Mayor Frank G. Jackson swore in Anne Bingham as the new chair of the Cleveland Board of Education on Monday. Veteran board member Robert Heard Sr. was sworn in as vice chair.
Bingham, who has been a board member since 2014, replaces Denise Link while Heard takes over for Louise Dempsey. Link and Dempsey will remain on the board but decided to step away from the leadership roles. They served as chair and vice chair for more than seven years, the longest stretch for any officer since the board was placed under mayoral control in 1998.
"The timing just seemed right," said Link, whose term as chair spanned periods of significant change in the District. "I look forward to continuing my work on the board, but passing the gavel will free up some of that time to meet obligations to my family."
CEO Eric Gordon, who was present at City Hall when the new chair and vice chair were sworn in, said strong leadership on the board the last five years is a distinguishing factor in CMSD's transformation under The Cleveland Plan, a blueprint for education reform in the city.
"I am personally grateful that my entire time as CEO to date has been served under the strong leadership of Denise Link and Louise Dempsey," he said. "During their tenure, CMSD moved from a period marked by mass school closings and layoffs to an era that included passage of three ballot issues and meaningful reform made possible by their vision for a quality public school system."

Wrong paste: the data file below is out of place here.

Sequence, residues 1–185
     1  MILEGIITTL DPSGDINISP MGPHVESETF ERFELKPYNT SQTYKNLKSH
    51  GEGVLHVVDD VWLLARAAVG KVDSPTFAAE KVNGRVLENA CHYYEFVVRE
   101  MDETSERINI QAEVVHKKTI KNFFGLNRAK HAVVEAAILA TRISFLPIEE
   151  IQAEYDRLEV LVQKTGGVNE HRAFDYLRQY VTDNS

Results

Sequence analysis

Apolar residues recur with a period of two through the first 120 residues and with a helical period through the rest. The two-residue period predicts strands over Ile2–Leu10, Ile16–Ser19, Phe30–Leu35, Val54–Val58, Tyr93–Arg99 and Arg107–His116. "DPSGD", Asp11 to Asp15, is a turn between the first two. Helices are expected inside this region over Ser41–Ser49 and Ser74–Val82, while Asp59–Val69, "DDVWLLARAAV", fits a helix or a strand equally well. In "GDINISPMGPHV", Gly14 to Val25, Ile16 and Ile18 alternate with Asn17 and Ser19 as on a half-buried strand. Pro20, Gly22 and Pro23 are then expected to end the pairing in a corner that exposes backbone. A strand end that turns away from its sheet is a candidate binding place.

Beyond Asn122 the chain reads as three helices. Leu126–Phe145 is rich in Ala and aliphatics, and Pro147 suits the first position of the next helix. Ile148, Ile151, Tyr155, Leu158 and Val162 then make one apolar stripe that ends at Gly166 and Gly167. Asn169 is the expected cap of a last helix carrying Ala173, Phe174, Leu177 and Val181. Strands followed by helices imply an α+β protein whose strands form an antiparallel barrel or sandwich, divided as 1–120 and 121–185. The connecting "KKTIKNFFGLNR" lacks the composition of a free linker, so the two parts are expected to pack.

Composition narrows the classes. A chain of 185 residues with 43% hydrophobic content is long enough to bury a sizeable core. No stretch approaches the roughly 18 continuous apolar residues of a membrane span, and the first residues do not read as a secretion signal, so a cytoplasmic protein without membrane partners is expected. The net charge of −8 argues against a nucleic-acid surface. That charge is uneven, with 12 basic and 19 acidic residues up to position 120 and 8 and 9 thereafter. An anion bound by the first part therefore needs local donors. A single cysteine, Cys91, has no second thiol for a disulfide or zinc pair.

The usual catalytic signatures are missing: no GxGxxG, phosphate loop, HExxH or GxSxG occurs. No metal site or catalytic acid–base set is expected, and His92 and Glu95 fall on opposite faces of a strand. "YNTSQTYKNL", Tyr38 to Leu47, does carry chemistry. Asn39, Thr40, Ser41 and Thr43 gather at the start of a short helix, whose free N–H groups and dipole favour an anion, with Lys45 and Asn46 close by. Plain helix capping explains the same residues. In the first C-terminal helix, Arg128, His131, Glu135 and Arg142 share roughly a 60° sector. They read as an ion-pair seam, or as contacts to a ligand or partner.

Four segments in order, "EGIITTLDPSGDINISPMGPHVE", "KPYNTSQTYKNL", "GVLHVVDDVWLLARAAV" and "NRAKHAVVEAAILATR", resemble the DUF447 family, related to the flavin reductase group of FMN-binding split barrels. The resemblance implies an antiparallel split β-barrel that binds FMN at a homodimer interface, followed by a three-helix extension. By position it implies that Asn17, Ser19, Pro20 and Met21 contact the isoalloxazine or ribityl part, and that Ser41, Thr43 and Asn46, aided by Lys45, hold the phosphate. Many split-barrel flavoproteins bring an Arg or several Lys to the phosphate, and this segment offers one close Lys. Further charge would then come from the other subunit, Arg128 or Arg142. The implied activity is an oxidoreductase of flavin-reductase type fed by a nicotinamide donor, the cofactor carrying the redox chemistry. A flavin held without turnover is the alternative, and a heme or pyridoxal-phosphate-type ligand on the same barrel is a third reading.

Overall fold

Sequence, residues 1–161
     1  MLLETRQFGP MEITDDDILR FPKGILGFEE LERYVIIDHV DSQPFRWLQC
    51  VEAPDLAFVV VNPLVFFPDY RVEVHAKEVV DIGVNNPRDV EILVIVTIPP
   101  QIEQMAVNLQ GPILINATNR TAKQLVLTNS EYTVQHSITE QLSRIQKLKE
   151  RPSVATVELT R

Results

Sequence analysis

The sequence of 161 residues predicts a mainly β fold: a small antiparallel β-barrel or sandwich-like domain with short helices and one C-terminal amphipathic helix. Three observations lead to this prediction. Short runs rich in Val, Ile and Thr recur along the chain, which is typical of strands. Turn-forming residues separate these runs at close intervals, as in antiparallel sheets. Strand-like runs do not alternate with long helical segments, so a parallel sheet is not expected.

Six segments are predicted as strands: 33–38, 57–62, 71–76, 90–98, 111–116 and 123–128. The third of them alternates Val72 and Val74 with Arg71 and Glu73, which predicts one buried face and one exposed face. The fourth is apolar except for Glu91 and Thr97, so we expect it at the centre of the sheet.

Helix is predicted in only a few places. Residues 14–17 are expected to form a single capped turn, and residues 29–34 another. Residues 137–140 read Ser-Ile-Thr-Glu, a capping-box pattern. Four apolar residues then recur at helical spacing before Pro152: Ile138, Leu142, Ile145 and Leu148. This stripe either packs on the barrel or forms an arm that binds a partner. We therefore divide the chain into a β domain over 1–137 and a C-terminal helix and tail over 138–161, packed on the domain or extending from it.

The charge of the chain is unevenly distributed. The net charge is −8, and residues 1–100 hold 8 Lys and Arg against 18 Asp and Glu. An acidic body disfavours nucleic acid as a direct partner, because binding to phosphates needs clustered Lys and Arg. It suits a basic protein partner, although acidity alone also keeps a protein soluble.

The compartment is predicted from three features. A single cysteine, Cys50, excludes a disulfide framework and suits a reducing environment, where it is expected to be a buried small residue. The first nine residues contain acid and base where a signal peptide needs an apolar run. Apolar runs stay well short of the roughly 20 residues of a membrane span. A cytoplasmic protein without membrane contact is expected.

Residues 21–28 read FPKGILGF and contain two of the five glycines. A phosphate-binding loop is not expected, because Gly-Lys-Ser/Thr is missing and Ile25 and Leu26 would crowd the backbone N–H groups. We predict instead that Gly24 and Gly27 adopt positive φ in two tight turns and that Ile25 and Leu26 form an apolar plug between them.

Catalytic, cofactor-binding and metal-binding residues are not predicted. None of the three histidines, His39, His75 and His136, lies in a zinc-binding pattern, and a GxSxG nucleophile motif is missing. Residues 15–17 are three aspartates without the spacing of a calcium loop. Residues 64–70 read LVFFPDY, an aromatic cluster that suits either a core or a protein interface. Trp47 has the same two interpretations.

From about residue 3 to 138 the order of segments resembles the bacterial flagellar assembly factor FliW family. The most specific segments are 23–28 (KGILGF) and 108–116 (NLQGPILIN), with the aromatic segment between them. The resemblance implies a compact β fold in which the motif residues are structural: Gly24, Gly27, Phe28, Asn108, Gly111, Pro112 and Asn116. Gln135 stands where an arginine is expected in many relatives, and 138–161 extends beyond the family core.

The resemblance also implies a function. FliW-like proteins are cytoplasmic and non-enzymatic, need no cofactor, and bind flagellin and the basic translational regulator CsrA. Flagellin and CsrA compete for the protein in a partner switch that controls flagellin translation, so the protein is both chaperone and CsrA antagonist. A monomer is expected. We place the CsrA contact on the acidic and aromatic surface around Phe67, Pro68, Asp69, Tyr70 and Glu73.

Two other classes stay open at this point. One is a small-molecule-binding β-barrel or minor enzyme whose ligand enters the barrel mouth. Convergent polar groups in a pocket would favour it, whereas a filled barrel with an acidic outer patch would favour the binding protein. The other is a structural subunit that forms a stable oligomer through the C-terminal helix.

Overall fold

Bingham, who lives in the city's West Park neighborhood, is an assistant vice president for private banking at Fifth Third Bank and has more than 30 years of experience in banking and finance.
Heard, who lives in the Glenville neighborhood and is retired from both State Farm Insurance and the Cleveland Clinic, has been on the board since 2004 and served as its chair from 2007 to 2009. He is a trustee of the Ohio School Boards Association and the association's Northeast Region.
The board also welcomed a new member in Jasmine Fryer, who will fill the vacancy created when Stephanie Morales resigned last August to take a job in another state. The term will expire on June 30, 2019.
Fryer currently serves as program director for Chiefs for Change, a nonprofit coalition of district and state education chiefs founded in 2015.
Chiefs for Change seeks to help states respond to the landmark new federal education law, the Every Student Succeeds Act. The organization also helps to develop new leaders and launch innovative new policies and practices.
Gordon was elected to Chiefs for Change last year. Upon learning of the mayor's plan to appoint Fryer, the CEO resigned to avoid the appearance of a conflict.
Fryer, who lives in the Buckeye neighborhood, began her career as a middle school teacher with Teach for America in New York City and also served as a policy analyst at the Nellie Mae Education Foundation. As a Fulbright Scholar, Fryer worked, lived and volunteered in Thailand, China, Morocco, Jordan and Israel. She also served at the New York State Department of Education during the administration of John King, now the U.S. Secretary of Education.
Fryer said she hopes to use the wide-ranging experience she gained both in classrooms and in policy and research to bring a unique perspective to CMSD.
“I’m excited about working with the board and CEO Eric Gordon to continue the great work and momentum of The Cleveland Plan
and to focus on equity and excellence for all students,” Fryer said.
See photos from the swearing-in ceremony in the gallery below.